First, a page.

Gamestop has done an excellent job of setting up a strawprostitute in its recent article, Prostitutes call for ban on GTA. Tim Surette, the author, is pissed off that SWOP, the Sex Workers Outreach Project, has spoken out against Grand Theft Auto [GTA]. Pissed off enough, it seems to conflate the words ‘ban’ and ‘boycott’.
From the first paragraph of the article, he says [emphasis mine]:
The Grand Theft Auto franchise is getting attacked from all angles. Joining the ranks of politicians, policemen, and attorneys in their crusade to see the game lifted from shelves are the nation’s sex workers. On its Web site, the Sex Workers Outreach Project USA is asking parents to assist them in calling for a ban of Take-Two Interactive’s controversial game.
The two parts I have highlighted give the mistaken impression that SWOP is out to enact legislation that would bar GTA, and games like it, from being made and sold. He later on dismisses the repeated assertion from SWOP that it is “adamantly opposed to any and all forms of censorship” because they express the wish to speak out to parents. Given the tone of the article, this only serves to further conflate boycotting (and, dare I say, criticism) with censorship and banning.
So what, exactly, does SWOP say on this matter? Well, here’s the first paragraph from SWOP-USA Statement Regarding the Video Game Grand Theft Auto created by Take-Two Interactive:
Although SWOP-USA will always be adamantly opposed to any and all forms of censorship, as concerned parents ourselves, we wish to inform other parents of the potential danger extremely violent video games pose to children. And in the interest of furthering sex workerâ€™s human and civil rights to life and personal safety, we object to any media which represents sex workers as legitimate targets of violence, rape and murder. Censorship is a blight on the freedoms we hold dear but we wholeheartedly encourage citizens to vote with their dollars by refusing to purchase products which encourage the denigration and destruction of prostitutes. Since the video game Grand Theft Auto accrues points to players for the depiction of the rape and murder of prostitutes, SWOP-USA calls on all parents and all gamers to boycott Grand Theft Auto.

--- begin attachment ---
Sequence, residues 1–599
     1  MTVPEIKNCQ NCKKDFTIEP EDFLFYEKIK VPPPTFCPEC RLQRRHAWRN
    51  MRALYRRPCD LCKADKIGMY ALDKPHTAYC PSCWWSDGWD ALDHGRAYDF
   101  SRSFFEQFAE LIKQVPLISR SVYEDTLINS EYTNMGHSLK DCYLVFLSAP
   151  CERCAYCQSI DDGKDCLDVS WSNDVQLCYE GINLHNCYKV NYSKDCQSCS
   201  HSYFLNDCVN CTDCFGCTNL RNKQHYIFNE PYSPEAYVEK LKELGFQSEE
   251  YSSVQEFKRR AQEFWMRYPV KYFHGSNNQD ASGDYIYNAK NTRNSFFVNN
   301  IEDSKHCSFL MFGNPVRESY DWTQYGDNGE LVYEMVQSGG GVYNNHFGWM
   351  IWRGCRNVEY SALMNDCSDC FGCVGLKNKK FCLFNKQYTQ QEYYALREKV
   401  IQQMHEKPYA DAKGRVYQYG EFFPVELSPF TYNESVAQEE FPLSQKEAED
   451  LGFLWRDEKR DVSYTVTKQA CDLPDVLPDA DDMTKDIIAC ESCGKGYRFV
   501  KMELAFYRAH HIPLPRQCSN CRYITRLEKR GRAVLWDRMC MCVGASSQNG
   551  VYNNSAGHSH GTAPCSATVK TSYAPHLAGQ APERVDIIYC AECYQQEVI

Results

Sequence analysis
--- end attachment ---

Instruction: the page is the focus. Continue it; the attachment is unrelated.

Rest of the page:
Notice the word ‘boycott’ and the conspicious absence of ‘ban’ or any call to legal action. This is a very, very important distinction that Surette (intentionally?) glosses over in his post.
I share the concern about the sensationalist backlash to video games, and other popular culture, but, and this is a big but, that’s not what SWOP seems to be aiming for. Do I necessarily agree with their cited research? Well, no. I haven’t read it, but I don’t need to because my agreement with their premise or not is immaterial. They aren’t advocating a ban, or anything like it; they’re advocating an informed boycott based on what they perceive to be a tangible threat to themselves. They have, and should have, that right.